32 Fans, 32 Countries is a look at the global reaches of the NFL. For this project we have attempted to interview 32 different fans of all 32 teams in 32 different countries all around the world (UK, Canada, and Mexico excluded). As readers will find, the paths to fandom are as varied as the cultures and customs of each country. Check back every day for a new profile. Next up: A Cardinals Fan in Australia.
Despite the striking phonetic similarity between “G’day” and “Goodell,” Australia is light years away from being a bastion of NFL fandom. So for David Buller of Toowoomba, Queensland, it was not marketing by the league or friends or actually watching a sliver of NFL action that piqued his interest; it was the television show, “Friday Night Lights.” Buller had been a fan of the 2004 film and was naturally sucked into the small screen version. Eventually he started casually checking out some NFL websites, all timed around the buildup to the 2011 Draft.
“I found the coverage of that to be quite novel, and filled with its own storylines, only this time for real,” Buller said.
Given the controversy and doubts surrounding Cam Newton at the time, Buller could not have picked a better event for the dramatic. (Except for actual NFL games. of course.)
Soon after Newton donned his first Panthers cap, Buller underwent an intensive indoctrination into NFL rules, fantasy and the draft via www.ussportsdownunder.com’s NFL 101 series, but he still faced a severe problem. After a year of watching random games and highlights, he still didn’t have a team.
“I knew I needed a team to get behind, to really get the full experience of the highs and lows that come with being a fan of any sport,” he said.
Buller was truly a clean slate fan-in-waiting. Being in Australia, he had no geographic loyalty, nor any coattails of American friends or family to ride. All 32 teams were undrafted free agents and Buller knew he had to sign one. His process for doing so, which was published last December on the same site that taught Buller the game is foreign, strange, and yet completely logical.
Step One: Eliminate teams with unappealing logos and/or uniforms. As Buller put it, “I really don’t want to end up looking like Tony the Tiger with a Bengals shirt on.” He said good riddance to the Bengals and about thirteen other teams.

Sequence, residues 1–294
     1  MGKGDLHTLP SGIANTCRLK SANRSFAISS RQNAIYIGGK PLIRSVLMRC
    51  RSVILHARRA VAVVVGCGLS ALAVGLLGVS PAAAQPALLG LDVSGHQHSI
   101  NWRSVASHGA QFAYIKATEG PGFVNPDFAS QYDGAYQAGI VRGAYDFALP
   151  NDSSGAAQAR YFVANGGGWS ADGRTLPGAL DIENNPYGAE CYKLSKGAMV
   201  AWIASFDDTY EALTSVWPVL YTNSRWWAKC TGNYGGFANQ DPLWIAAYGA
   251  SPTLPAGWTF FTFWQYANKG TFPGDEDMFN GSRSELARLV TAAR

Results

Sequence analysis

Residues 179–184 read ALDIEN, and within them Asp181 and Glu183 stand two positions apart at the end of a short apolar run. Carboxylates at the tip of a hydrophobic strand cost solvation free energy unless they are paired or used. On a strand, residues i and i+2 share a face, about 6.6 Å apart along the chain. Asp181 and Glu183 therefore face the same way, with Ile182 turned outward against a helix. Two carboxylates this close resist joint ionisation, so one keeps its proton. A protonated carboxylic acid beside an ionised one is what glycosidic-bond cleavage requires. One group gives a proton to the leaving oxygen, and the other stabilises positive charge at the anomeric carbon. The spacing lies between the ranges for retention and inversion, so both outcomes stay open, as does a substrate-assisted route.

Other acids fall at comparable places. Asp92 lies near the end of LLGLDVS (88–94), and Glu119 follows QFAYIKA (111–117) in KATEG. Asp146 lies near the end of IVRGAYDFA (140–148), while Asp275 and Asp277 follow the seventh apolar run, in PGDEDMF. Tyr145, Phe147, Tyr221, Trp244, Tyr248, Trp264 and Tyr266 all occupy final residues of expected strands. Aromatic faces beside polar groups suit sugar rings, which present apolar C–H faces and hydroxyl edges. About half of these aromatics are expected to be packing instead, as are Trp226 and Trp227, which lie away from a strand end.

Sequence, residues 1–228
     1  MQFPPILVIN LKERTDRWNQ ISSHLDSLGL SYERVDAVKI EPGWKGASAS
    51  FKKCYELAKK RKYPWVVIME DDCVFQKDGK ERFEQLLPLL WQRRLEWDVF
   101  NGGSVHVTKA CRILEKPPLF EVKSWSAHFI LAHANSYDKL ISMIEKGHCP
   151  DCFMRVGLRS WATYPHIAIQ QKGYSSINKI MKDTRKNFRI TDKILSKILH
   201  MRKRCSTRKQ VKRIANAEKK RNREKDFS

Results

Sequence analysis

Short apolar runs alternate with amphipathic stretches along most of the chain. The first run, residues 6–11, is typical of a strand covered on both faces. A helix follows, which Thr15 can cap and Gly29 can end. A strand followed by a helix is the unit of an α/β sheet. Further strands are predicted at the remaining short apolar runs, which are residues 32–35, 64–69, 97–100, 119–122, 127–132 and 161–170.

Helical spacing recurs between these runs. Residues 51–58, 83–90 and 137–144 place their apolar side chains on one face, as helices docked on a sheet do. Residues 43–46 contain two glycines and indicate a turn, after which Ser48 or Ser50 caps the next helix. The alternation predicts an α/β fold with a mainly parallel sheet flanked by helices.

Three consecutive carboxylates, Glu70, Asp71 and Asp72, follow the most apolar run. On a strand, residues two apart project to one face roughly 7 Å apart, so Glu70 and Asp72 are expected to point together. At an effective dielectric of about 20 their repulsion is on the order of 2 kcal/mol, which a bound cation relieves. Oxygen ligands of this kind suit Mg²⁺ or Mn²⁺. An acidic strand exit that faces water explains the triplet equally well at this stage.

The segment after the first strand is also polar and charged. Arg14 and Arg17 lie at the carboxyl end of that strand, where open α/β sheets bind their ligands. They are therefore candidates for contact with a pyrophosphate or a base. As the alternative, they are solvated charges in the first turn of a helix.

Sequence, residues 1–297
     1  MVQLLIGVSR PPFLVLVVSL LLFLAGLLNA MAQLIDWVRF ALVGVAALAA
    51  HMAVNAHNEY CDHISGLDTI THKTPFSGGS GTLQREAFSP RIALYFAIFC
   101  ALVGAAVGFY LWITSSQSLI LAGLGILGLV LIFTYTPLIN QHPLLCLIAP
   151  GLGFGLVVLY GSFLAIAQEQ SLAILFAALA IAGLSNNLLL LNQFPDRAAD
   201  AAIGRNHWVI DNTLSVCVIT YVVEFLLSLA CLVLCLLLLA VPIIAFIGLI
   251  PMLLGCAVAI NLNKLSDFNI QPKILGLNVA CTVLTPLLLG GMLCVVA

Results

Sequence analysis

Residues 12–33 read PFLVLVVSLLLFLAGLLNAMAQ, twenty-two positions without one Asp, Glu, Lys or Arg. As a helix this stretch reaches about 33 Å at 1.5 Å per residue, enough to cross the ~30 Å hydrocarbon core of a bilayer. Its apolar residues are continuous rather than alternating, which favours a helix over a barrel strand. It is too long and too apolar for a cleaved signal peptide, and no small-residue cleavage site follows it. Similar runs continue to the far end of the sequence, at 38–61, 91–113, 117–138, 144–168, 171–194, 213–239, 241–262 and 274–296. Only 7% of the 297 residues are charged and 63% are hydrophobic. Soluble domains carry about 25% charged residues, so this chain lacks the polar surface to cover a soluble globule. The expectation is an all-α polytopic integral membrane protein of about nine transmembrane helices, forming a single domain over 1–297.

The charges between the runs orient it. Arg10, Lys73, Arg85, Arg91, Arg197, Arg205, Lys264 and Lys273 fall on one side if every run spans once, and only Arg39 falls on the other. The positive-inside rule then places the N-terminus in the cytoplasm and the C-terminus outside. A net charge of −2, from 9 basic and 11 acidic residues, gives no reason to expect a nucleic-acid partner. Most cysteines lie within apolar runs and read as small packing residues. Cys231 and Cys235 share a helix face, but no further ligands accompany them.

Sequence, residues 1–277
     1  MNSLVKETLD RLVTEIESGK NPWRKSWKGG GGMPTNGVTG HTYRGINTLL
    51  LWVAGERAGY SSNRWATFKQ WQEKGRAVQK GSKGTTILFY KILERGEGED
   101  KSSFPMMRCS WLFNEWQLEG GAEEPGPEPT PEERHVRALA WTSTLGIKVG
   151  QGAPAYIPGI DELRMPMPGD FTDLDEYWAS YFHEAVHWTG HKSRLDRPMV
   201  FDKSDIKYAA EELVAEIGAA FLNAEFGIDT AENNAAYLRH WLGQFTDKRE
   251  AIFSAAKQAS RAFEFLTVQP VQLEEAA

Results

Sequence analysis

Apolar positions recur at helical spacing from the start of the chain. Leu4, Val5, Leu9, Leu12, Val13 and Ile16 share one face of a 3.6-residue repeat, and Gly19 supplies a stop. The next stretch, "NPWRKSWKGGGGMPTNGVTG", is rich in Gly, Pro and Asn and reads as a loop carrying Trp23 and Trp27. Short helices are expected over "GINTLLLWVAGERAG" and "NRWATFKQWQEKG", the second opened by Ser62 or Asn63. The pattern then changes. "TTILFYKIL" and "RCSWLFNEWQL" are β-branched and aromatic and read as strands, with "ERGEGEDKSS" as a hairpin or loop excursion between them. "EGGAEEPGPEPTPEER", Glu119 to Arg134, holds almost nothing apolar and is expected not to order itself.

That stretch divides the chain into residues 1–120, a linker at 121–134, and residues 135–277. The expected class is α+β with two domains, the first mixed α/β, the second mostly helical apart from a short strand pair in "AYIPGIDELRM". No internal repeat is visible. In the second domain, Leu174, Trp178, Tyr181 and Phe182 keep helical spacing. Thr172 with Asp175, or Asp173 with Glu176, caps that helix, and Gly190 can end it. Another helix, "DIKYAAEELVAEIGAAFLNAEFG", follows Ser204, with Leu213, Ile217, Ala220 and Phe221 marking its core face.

Step Two: Eliminate teams not in the middle of the pack. He was “wanting neither a team that was unbeatable or awful.” Goodbye New England and St. Louis.
Step Three (in my view the most logical): Eliminate American cities that would surely disappoint after a fourteen-hour flight from Australia. In other words, he didn’t want a team from a locale with little to offer beyond the team. Goodbye Detroit and Atlanta.
Step Four: Eliminate teams without a loveable superstar. At this point Buller was left with Dallas, Seattle, Arizona and Oakland. He narrowed it down to two finalists, Dallas because he “loved Tony Romo’s passing game” and Arizona because “Larry Fitzgerald is just one of those outstanding players that you know you can always count on.”
Buller’s fifth and final step was a bit of personal one. As a kid he went through an NHL phase. And, for random reasons, a Phoenix Coyotes phase in particular. Buller owned both a jersey and a Coyotes belt buckle that he says “would bring a tear to the eye of the most outback of outback cowboys.”
Speaking of Cowboys, Buller does have a “mate” who is a Dallas fan, a consideration in choosing between his NFL finalists. But ultimately he decided to marry his youth with adulthood and therefore selected the Arizona Cardinals.
Now a bonafide Cardinals fan, Buller is looking forward to the upcoming season despite his team having to face San Francisco and Seattle twice. He joins a growing NFL fan base in Australia, although the AFL (Australian Football League) and NRL (National Rugby League) continue to reign supreme. And then there’s cricket and soccer.
Most countries without a natural NFL presence feature fans with extreme variations of passion and engagement, and Australia is no different.
Buller is filled with joy on the rare occasions he sees someone prancing around town in an NFL cap or jersey, but often disappointed to learn they “just bought it because it looked good.”
One jersey he never sees is Larry Fitzgerald’s. “I think I may be the sole representative of the Cardinals in my area,” he said.
In fact, Buller only owns a Cardinals cap, as seen in the photo above. But he is working hard to drop hints in hopes that someone buys him a #11 jersey for Christmas.
Are you listening, Larry?
See also: A Note About “32 Fans, 32 Countries.”